Nation gathered around television sets to watch the tragic story of JFK’s assassination unfold and also the same medium that helped show case the daughter of John Kennedy’s daughter Caroline as the new ambassador to Japan.
Letting go of his mother’s hand, in an iconic picture of John F. Kennedy Jr. salutes his father’s flag-draped casket as it passes on Nov. 25, 1963, John’s third birthday. Behind JFK’s son is Robert Kennedy; Ted Kennedy is on the other side of Jackie, behind young Caroline, who was about to turn six.
But then this was the moment in America, memorialized today 50 years later, when gunshots that Oswald fired from the Texas School Book Depository brought the country together the way it did, an American nightmare moment that seemed to stretch on for days as citizens watched in shock on live television. It was a sad moment.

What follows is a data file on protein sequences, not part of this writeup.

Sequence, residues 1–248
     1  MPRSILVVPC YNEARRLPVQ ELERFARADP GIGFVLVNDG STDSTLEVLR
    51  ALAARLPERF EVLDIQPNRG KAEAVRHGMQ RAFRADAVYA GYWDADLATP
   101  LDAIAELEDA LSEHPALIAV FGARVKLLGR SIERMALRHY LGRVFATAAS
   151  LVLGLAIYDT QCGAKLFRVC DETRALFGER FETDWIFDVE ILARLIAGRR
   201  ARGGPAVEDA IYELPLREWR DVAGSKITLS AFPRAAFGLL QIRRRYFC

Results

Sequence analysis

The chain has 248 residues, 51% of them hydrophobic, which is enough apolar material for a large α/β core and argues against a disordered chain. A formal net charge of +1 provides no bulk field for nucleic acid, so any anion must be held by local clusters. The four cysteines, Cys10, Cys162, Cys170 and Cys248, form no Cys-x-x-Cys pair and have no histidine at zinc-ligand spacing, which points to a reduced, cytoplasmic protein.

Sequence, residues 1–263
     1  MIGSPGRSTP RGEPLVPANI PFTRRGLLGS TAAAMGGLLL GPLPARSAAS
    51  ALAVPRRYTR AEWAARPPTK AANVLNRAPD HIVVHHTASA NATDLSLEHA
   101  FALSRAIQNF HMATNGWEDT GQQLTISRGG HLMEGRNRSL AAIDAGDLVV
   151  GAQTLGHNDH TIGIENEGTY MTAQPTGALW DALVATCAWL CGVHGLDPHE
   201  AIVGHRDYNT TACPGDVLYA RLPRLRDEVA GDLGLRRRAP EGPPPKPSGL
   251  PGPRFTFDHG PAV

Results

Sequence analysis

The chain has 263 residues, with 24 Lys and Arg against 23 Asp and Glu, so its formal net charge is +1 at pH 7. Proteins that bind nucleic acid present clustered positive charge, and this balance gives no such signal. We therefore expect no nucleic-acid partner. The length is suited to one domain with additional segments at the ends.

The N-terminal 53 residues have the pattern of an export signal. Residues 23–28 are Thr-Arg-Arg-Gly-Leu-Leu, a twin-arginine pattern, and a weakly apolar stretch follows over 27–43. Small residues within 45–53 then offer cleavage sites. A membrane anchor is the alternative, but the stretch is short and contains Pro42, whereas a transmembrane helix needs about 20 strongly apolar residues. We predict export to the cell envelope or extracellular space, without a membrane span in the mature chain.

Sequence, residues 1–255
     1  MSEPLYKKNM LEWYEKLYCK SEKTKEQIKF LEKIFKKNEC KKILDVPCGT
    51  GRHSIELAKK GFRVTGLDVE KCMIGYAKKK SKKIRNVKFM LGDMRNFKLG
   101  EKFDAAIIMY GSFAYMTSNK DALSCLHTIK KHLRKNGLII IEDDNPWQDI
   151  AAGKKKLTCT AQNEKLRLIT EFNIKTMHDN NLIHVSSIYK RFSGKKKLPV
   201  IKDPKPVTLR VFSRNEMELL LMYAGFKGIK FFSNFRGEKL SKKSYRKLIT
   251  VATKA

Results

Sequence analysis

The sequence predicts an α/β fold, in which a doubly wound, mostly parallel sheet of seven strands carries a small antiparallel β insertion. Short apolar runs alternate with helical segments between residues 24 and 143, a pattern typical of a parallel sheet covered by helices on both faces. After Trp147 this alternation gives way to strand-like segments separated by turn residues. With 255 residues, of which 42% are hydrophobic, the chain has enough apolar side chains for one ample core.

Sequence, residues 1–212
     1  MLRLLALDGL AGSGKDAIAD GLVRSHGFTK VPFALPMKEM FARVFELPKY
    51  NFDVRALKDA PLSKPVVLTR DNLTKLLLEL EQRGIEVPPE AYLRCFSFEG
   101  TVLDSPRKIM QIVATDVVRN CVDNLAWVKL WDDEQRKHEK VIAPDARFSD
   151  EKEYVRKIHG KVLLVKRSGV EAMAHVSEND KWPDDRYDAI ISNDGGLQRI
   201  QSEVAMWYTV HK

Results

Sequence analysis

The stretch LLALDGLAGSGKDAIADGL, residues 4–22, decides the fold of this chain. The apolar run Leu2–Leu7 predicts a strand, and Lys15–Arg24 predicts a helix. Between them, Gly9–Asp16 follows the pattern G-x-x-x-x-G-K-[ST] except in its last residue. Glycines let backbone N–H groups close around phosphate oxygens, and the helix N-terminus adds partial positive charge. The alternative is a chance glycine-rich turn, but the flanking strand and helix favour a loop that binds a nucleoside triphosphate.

The Secret Service has been part of American history since its creation in 1865, but it wasn’t until after President John F. Kennedy’s assassination, on Nov. 22, 1963, in Dallas, that the organization began to expand and evolve into the high-tech, massive, secret operation that it is today. Protecting the President of the United State is a vow that the elite members have sworn to.
Kennedy’s family members laid a wreath on his grave at Arlington National Cemetery near Washington DC on Friday. His wife Jackie and two of their children are also buried there.
Kennedy, a Democrat, was part of one of the most prominent US political dynasties of the 20th Century.
John Kennedy’s daughter Caroline is now the US ambassador to Japan. We wish her well.